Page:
Energy-production-efficiency gains means less losses ‘down the line’

Energy can neither be created nor destroyed, only changed. That’s an accepted tenet. And neither can energy be lost. There is, however, loss in electrical transmission lines, the loss occurring as a result of friction created from electrons passing through conductor material. Since transmission line conductors are not perfect conductors, loss occurs. The loss of electrons due to friction in the electric line results in heat being produced.

Overhead view of Grand Coulee Dam with hydroelectric component on left
Overhead view of Grand Coulee Dam with hydroelectric component on left

At the component level, such heat is typically dissipated using what are called “heat sinks.” If it can be visualized what a sink does, collecting water and allowing it to be redirected elsewhere, what the heat sink does is take the heat transferred to it and redirects it to the surrounding air. The greater the efficiency of the electronic component the more the energy savings and consequently the lower the grid power losses.

There is also less in the way of energy losses if electricity consumption is less.

With regard to building type, it is more of the same. The more efficient the building design, the greater the energy savings. The name of the game here being conservation, this also translates into increased energy efficiency for electricity entering said structure, ultimately making the energy-consumption dollar of the building owner go farther.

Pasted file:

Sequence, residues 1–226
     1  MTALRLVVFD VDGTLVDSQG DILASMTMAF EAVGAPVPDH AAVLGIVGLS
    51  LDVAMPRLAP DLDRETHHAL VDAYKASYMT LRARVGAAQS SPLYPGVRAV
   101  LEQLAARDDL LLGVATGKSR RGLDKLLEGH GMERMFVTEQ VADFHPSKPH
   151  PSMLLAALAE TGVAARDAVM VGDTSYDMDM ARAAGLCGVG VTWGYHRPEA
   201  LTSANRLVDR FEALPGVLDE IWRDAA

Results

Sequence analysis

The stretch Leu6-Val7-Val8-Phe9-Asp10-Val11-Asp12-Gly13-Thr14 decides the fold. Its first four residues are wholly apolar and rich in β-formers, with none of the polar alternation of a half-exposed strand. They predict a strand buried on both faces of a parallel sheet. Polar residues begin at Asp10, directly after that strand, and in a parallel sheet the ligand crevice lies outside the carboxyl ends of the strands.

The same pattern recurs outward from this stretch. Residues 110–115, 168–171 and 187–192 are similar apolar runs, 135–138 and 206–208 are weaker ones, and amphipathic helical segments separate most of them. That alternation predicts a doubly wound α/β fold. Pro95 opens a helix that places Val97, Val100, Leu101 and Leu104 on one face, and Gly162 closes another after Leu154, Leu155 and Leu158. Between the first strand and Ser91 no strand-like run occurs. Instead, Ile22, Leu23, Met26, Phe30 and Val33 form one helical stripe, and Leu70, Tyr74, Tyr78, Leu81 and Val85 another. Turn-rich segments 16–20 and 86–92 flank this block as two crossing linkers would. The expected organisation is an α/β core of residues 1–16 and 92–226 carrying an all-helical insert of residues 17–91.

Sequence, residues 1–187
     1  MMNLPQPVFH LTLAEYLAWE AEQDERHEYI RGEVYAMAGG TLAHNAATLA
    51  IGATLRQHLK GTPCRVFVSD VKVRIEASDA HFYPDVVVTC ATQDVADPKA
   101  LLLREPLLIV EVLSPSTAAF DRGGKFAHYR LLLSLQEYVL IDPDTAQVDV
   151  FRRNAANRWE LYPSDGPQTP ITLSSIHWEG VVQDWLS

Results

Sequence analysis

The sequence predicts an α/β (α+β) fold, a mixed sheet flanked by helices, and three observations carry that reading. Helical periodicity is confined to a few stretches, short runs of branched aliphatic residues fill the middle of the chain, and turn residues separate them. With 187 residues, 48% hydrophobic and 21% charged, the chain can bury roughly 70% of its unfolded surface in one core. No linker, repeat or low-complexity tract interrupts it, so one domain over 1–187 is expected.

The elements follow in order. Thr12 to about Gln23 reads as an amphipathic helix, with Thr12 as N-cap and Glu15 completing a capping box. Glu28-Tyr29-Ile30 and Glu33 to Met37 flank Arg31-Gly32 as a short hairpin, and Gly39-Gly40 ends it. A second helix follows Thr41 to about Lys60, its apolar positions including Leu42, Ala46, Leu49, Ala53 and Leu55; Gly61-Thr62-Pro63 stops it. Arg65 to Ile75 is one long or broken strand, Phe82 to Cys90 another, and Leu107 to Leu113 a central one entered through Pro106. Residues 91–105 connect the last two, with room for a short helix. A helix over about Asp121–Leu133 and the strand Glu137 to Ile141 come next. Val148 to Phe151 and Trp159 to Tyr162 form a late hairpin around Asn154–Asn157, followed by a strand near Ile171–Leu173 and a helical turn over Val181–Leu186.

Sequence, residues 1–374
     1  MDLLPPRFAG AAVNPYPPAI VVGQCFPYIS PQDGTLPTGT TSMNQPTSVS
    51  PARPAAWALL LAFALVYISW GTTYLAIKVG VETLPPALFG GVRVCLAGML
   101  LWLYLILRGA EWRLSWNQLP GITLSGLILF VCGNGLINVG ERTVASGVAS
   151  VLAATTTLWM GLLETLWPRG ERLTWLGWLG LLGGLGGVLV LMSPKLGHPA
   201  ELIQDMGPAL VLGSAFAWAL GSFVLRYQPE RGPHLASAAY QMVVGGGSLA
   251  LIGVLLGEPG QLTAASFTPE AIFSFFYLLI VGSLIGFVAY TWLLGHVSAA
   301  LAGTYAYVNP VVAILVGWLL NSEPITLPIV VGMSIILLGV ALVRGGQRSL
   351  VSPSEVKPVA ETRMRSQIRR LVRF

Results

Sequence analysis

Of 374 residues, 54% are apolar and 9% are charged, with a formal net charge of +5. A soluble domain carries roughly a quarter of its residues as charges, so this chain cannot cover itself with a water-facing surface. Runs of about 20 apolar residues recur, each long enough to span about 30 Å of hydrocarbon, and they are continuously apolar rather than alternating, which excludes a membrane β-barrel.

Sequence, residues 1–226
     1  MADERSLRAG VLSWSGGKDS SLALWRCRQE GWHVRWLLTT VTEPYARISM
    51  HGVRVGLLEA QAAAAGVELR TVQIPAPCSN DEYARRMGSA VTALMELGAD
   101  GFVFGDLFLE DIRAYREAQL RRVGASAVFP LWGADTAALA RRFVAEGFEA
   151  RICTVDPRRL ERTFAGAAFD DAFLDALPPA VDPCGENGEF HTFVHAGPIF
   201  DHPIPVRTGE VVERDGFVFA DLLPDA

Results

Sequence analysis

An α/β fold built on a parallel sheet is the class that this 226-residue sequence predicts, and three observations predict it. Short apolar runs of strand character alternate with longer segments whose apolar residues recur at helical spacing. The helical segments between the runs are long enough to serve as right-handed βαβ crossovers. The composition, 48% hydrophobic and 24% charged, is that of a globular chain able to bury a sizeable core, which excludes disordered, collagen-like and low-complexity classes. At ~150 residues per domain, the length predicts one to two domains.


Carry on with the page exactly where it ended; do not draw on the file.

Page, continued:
What all of this is pointing toward is reducing carbon footprint size whether on a macro or micro scale.

So, getting back to my earlier point about transmission line loss, reduced losses means greater electricity availability, given nothing else in the energy production and distribution equation changes.

The same would apply to, say, an on-site energy-supply source.

SolarpanelBp[1]Having one’s power generated on site or locating the electric customer nearer to the power source (utility), would seem prudent ways to increase energy efficiencies, cut power losses and ultimately scale back the release of harmful emissions, that is, as long as, in reference to the last item, such energy produced is of a renewable variety.

And such is relatively easily accomplishable.

Now if only the same could be said for transportation-based losses.

Image at top: U.S. Department of the Interior, Bureau of Reclamation

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